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Robert Verhagen (University of Melbourne, Australia)



‘So far, about morals, I know only that what is moral is what you feel good after and what is immoral is what you feel bad after …’
—Ernest Hemingway

‘I’m made up of more space than I actually take up.’
—Marieke Lucas Rijneveld


Held at a distance, I understood guilt as something that ate you up inside. I can trace that understanding to my education at a private Christian school, to the perorations and altar calls at chapel every Tuesday. Inside the classroom, this definition of guilt as an immutable and distinct entity made the boundaries around it appear like walls. It was not that they couldn’t be climbed, but to do so was to risk injury falling over the other side, where guilt was to be found. It wasn’t until later that I realised boundaries are not walls at all. They are like cold water in which you swim. It smarts at first, but once you get moving, it feels warm like your own blood. Only, when blood is on the outside, you’re usually wounded.

Sex was inevitably relegated to the other side of the many boundaries of my education. I expect that is why it took me so long to tell my brother how I lost my virginity, or rather, why I gave it away.

I could not have thought, when I was seventeen, that the years could so easily reduce to a single moment. That is what the end of my schooling became, all the years of intentional grooming, my posturing for leadership; I shuffled to the front row, open-mouthed, willing to swallow whatever they spooned in, to make me a model young man. I was baptised that year, a sign of my commitment to the church. But then in one night, my best mate was given the school captaincy instead of me, and when I was announced his deputy, it was my peers who looked at me with open mouths.

Gutted, suddenly aware that for years I had worn a false face without reward, I thought, I’ll show them. I’ll sleep with someone. And yet, I don’t think it showed anyone, except me; except that it revealed who I really was, or who I was capable of being. And in the end I found out, from a friend, that she only wanted to take the virginity of the boy in chapel band, like a trophy.

If it took me years to share something so juvenile with my brother – my confidant – how am I going to tell him what I have done now?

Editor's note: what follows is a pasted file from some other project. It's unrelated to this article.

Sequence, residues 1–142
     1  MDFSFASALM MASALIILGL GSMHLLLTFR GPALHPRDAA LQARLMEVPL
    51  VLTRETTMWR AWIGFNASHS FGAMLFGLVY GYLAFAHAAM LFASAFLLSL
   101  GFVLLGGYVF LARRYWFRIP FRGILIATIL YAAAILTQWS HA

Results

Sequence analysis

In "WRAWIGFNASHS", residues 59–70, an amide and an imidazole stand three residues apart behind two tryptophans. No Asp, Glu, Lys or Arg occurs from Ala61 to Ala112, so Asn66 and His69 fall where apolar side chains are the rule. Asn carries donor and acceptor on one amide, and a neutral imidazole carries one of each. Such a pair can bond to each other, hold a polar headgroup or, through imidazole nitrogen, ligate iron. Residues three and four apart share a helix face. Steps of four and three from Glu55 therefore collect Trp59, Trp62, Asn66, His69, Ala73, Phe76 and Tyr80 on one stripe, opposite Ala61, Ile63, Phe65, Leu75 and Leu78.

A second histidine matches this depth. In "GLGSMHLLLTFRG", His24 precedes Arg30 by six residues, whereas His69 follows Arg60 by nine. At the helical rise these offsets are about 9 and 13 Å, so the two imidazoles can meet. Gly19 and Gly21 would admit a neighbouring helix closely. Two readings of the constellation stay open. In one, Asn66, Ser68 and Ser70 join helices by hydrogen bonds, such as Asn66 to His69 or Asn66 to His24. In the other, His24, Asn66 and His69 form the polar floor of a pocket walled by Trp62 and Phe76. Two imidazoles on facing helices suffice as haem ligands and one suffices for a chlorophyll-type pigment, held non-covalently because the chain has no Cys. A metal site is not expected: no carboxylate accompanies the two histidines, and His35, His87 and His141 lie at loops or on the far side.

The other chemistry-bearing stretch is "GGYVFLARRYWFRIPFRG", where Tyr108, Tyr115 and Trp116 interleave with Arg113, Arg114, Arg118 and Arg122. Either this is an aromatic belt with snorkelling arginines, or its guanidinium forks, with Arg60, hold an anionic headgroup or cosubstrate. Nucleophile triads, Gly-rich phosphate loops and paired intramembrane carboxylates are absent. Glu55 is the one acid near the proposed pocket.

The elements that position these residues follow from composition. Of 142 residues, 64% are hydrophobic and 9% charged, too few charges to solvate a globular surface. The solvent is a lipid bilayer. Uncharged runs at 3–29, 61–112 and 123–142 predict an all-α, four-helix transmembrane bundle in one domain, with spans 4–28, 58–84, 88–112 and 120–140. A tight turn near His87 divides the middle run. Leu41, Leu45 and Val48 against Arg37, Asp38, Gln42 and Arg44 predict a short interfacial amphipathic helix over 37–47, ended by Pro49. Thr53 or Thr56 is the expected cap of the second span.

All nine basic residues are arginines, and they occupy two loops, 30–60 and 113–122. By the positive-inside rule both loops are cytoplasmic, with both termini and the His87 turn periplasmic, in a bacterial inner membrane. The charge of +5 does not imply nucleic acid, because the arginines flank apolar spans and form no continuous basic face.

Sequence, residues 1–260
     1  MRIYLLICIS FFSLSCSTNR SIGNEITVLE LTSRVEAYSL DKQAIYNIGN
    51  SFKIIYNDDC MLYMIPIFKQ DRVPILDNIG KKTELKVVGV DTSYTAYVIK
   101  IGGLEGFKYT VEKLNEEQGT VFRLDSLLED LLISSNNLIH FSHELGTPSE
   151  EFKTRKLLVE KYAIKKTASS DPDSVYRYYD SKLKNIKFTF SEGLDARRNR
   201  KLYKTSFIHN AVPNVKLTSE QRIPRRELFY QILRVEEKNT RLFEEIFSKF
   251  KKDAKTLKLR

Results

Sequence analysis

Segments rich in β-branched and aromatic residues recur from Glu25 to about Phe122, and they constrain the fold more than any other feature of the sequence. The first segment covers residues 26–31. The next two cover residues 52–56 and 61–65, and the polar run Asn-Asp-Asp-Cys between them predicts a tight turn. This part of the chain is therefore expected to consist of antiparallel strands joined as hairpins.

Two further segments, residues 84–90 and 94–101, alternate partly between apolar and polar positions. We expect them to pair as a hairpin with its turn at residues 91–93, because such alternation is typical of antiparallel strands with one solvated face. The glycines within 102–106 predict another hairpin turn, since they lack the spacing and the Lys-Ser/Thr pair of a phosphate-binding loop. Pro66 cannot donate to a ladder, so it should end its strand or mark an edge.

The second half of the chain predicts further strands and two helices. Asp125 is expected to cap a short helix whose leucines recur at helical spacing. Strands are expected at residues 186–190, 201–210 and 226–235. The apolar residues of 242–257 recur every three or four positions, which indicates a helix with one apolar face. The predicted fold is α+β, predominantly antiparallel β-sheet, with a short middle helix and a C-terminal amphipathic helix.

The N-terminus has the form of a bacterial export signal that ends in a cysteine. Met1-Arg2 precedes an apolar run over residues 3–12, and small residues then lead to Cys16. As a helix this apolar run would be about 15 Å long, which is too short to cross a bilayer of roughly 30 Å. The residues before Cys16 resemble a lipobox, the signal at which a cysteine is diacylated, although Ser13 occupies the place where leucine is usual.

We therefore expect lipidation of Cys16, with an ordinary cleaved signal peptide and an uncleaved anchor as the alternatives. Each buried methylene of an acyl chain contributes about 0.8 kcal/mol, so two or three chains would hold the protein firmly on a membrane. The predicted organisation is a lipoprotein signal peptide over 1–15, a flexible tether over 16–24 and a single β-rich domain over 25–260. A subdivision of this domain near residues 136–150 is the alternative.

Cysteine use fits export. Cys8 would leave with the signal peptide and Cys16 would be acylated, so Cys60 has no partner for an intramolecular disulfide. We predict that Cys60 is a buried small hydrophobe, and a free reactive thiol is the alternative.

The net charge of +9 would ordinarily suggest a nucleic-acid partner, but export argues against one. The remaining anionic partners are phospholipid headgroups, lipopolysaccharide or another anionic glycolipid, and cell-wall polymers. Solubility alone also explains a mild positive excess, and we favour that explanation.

We have always looked similar, my brother and I, as if our parents sketched me from the memory of him. When we worked together in the family real estate business, clients who heard my voice on the phone called me by his name, and sometimes he was confused for me. The value of being his facsimile was that no matter how hard I ran after him, he was always five years older; all my mistakes, all my achievements, seemed to line up against a previous draft he had written.

But when I left the family business to become a writer, I turned over to a blank page.

Real estate was not my passion. I told clients that writing was my first love, in spite of my day job. ‘Like that Billy Joel song,’ someone once said to me. ‘Now Paul is a real estate novelist who never had time for a wife.’

I met my girlfriend the month I left my job. When she worked, I wrote, and in the nights we were together. But I often joked that if we had met when I worked sixty-hour weeks, she wouldn’t have been interested. I wondered how we might have been before I sold the house, how stress would have affected our relationship when I had a mortgage. I ignored the fact she thought my writing was a hobby.

In the first months I chiselled out a few writing projects (what I call novels to make myself sound serious) but I couldn’t finish anything. Then I got a part-time job, and started writing in the evenings.

Why can’t you write during the hours I’m at work? she’d ask.

I do, I said, but sometimes the ideas aren’t there.